Michael Lysaght. Mr. Lysaght has served as our Chief Digital Officer since August 2019. He previously served as our Chief Technology Officer from September 2016 to July 2019, our Senior Vice President of Digital Product Engineering from September 2014 to September 2016 and as Interim Chief Technology Officer from April 2016 to September 2016. Prior to joining us, Mr. Lysaght worked at SecondMarket, Inc. (now Nasdaq Private Market), a platform providing liquidity solutions for private companies, from March 2009 to September 2014, where he most recently held the role of Vice President of Engineering/Head of Technology. He previously was an Independent Consultant working for a variety of startups, telecommunication companies and financial institutions. Mr. Lysaght has a B. Sc. in Computer Science from University College Cork, Ireland.

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Gail B. Tifford. Ms. Tifford has served as our Chief Brand Officer since March 2018. Prior to joining us, Ms. Tifford most recently served as Vice President of Media North America and Global Digital Innovation for Unilever PLC, a consumer goods company, from June 2016 to February 2018. Prior to that she served as Unilever’s Vice President, Media and Digital Engagement from February 2015 to June 2016 and Senior Director of Media, North America from May 2011 to February 2015. From October 2009 to May 2011, Ms. Tifford was Vice President, Strategic Partnerships at MTV Networks, a cable and satellite television channel owned by Viacom Media Networks. Prior to that, she began her brand and marketing career at Unilever. Ms. Tifford received a B.A. in Psychology from Tufts University and a J.D. from Brooklyn Law School. She is a director of Fossil Group, Inc.

Raymond Debbane. Mr. Debbane has been the Chairman of our Board of Directors since our acquisition by Artal Luxembourg in September 1999. Mr. Debbane is a co-founder and the Chief Executive Officer of The Invus Group, LLC. Prior to forming The Invus Group, LLC in 1985, Mr. Debbane was a manager and consultant for The Boston Consulting Group in Paris, France. He holds an M.B.A. from Stanford Graduate School of Business, an M.S. in Food Science and Technology from the University of California, Davis and a B.S. in Agricultural Sciences and Agricultural Engineering from American University of Beirut. Mr. Debbane is the Chairman of the Board of Directors of Lexicon Pharmaceuticals, Inc. He is also the Chief Executive Officer and a director of Artal Group S.A., and the Chairman of the Board of Directors of a number of private companies of which Artal or Invus, L.P. are shareholders. Mr. Debbane was previously a director of Blue Buffalo Pet Products, Inc.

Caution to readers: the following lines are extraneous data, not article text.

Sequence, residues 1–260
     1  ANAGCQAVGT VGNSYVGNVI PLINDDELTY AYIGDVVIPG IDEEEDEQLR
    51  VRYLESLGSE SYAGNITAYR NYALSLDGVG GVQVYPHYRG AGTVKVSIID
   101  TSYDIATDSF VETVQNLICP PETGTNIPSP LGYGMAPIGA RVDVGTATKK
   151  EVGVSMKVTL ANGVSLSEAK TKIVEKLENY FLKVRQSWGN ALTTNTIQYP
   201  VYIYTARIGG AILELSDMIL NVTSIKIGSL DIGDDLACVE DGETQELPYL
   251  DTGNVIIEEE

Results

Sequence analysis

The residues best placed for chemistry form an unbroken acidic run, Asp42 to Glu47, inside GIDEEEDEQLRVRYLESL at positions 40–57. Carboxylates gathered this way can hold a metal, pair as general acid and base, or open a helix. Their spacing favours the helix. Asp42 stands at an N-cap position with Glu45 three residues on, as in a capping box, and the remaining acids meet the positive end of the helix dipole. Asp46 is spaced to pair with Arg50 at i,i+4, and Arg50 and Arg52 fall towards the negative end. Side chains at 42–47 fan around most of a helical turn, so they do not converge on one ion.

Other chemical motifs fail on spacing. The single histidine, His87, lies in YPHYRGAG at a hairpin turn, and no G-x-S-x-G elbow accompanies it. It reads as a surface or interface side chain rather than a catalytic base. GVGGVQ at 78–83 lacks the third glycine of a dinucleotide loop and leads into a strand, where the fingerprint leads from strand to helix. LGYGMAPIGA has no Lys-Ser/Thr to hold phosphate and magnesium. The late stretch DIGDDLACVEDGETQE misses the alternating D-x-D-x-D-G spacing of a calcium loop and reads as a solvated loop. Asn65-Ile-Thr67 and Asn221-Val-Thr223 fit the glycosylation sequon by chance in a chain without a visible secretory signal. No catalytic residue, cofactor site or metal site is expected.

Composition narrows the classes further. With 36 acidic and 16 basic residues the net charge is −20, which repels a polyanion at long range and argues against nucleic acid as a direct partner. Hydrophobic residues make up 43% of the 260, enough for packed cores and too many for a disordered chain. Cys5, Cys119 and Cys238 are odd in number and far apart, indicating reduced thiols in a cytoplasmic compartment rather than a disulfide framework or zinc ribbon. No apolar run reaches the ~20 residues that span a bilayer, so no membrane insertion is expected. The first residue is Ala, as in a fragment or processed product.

Steven M. Altschuler, M.D. Dr. Altschuler has been a director since September 2012. Since May 2018, Dr. Altschuler has served as a Managing Director, Healthcare Ventures, of Ziff Capital Partners, a private investment firm. He previously served as a consultant to the University of Miami Health Care System from September 2017 through December 2017, the Chief Executive Officer of University of Miami Health Care System and Executive Vice President for Healthcare at the University of Miami from January 2016 to September 2017, and the Chief Executive Officer of The Children’s Hospital of Philadelphia (CHOP) from April 2000 until June 2015. Prior to assuming the role of Chief Executive Officer, Dr. Altschuler held several positions at CHOP and the Perelman School of Medicine at the University of Pennsylvania, including Physician-in-Chief/Chair of Pediatrics and chief of the Division of Gastroenterology, Hepatology and Nutrition. Dr. Altschuler received a B.A. in mathematics and an M.D. from Case Western Reserve University. Dr. Altschuler is Chairman of the Board of Directors of 89bio, Inc. and a director of Orchard Therapeutics plc. He previously served as Chair of the Board of Directors of Spark Therapeutics, Inc. and a director of Adtalem Global Education Inc.